18. Ibid

13. David B. Christ, ‘Gulf of Conflict’, p. 23

19. ‘Strait of Hormuz: Iran’s Disruptive Options’, Strategic Comments, 18, no. 1 (2012).

20. Sabahat Khan, ‘Iranian Mining of the Strait of Hormuz’, p. 7

21. Ibid

22. J. Peter Pham, ‘Iran’s Threat to the Strait of Hormuz’, p. 69 – 71

23. Sabahat Khan, ‘Iranian Mining of the Strait of Hormuz’, p. 9

24. J. Peter Pham, ‘Iran’s Threat to the Strait of Hormuz’, p. 70

25. Ibid, p. 71 – 72

Featured Image: The Persian Gulf (Jacques Descloitres, MODIS Land Rapid Response Team, NASA/GSFC)

2017 Officer and Board of Directors Election Results

By Sally DeBoer

It is my honor to announce the following individuals will compose the 2017-2018 Officer cadre and the 2017-2019 Board of Directors:

2017-2018 CIMSEC Officers

President: Andrew Poulin

Vice President: Travis Nicks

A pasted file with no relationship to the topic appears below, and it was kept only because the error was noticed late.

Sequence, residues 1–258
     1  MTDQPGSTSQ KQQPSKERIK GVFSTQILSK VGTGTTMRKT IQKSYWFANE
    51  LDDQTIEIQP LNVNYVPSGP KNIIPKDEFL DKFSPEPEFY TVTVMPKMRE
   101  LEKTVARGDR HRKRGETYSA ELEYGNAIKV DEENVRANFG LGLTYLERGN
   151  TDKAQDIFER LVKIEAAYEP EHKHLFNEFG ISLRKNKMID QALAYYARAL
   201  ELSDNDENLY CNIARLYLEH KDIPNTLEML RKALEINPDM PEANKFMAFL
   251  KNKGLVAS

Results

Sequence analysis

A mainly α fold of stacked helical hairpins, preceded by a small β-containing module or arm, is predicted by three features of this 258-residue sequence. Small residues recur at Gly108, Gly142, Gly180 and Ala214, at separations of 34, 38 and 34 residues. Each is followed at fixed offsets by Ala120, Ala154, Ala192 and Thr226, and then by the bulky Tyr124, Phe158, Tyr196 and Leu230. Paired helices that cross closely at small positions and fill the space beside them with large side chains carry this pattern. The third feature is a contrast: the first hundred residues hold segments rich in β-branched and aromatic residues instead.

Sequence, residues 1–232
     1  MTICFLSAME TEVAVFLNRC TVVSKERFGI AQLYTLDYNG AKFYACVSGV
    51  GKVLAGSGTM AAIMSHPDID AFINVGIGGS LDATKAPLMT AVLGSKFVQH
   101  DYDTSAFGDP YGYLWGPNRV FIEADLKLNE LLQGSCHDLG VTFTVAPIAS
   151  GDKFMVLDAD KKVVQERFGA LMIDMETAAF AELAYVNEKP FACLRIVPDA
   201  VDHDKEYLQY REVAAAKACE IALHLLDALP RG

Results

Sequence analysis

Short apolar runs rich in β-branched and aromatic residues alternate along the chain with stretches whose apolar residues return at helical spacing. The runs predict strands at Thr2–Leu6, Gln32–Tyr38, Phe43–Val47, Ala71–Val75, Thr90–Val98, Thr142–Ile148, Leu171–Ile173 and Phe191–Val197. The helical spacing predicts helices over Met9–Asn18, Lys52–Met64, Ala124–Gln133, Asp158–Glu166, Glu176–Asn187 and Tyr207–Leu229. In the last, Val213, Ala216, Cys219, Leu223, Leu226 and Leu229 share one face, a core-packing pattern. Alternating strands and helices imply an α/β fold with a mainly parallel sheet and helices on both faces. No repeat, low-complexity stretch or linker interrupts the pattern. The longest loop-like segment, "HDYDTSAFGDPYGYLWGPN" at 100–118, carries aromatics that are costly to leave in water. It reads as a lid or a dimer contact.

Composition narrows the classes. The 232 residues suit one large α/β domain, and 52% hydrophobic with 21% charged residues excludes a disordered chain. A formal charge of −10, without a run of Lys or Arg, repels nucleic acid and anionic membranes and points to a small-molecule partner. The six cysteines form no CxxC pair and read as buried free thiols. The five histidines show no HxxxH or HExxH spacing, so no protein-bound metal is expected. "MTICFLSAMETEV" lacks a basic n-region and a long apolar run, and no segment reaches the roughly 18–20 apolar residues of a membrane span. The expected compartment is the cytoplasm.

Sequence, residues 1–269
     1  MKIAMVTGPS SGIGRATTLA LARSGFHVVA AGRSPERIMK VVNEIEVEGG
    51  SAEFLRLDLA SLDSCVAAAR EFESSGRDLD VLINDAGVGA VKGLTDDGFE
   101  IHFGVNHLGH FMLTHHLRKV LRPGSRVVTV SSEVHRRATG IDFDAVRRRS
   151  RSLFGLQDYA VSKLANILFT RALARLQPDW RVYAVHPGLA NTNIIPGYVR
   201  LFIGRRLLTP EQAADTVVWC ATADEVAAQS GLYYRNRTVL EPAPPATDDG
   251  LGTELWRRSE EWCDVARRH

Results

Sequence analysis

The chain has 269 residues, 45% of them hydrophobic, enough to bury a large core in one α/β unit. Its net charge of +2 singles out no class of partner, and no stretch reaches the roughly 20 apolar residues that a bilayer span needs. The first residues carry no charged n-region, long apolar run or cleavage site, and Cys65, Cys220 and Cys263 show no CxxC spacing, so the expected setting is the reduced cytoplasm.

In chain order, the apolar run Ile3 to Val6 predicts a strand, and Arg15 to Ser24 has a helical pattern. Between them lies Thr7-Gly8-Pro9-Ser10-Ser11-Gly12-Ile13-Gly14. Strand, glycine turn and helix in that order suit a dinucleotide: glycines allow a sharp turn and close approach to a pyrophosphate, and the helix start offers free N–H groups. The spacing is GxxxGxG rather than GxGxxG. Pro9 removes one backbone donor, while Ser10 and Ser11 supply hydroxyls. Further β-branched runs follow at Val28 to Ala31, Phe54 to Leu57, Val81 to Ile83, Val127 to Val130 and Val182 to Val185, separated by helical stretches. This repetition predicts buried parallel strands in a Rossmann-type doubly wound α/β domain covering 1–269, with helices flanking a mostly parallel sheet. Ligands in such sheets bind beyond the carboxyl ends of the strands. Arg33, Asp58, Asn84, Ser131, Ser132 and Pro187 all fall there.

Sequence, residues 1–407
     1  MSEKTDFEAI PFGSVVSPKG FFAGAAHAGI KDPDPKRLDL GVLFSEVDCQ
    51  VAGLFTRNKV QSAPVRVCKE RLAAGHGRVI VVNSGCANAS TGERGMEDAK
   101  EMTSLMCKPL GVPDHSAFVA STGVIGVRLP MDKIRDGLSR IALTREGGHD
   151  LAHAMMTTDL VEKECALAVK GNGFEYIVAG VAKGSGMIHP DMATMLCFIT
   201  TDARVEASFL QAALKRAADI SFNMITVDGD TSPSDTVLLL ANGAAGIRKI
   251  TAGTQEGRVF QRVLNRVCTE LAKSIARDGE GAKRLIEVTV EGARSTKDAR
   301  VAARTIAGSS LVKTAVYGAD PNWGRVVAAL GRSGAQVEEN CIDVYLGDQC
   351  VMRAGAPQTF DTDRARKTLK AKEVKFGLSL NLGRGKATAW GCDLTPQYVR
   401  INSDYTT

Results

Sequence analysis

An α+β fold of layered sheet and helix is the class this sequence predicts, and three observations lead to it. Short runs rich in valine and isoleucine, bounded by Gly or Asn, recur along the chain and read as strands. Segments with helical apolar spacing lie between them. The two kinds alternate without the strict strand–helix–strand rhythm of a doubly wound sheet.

Director of Online Content: Dmitry Filipoff

Secretary: Ashley O’Keefe

Director of Membership: Michael Madrid

Director of Outreach: Andrew Walker

Treasurer: Jeff Betz

2017-2019 CIMSEC Board of Directors

Chairman, Board of Directors: Scott Cheney-Peters

Member, Board of Directors

Roger Misso

Matthew Merighi

Matthew Hipple

Claude Berube

Chris Rawley

Heather Havens, Ph.D.

John “Patsy” Klein, Ph.D.

Sean Plankey

Chris O’Connor

Nicholas Andersen

Congratulations to those elected! Official turnovers will be completed by June 30, 2017. To the new cadre: we look forward to seeing CIMSEC flourish in your capable hands. We would also like to extend our sincere thanks to all the members who took a moment to vote!





Fostering the Discussion on Securing the Seas.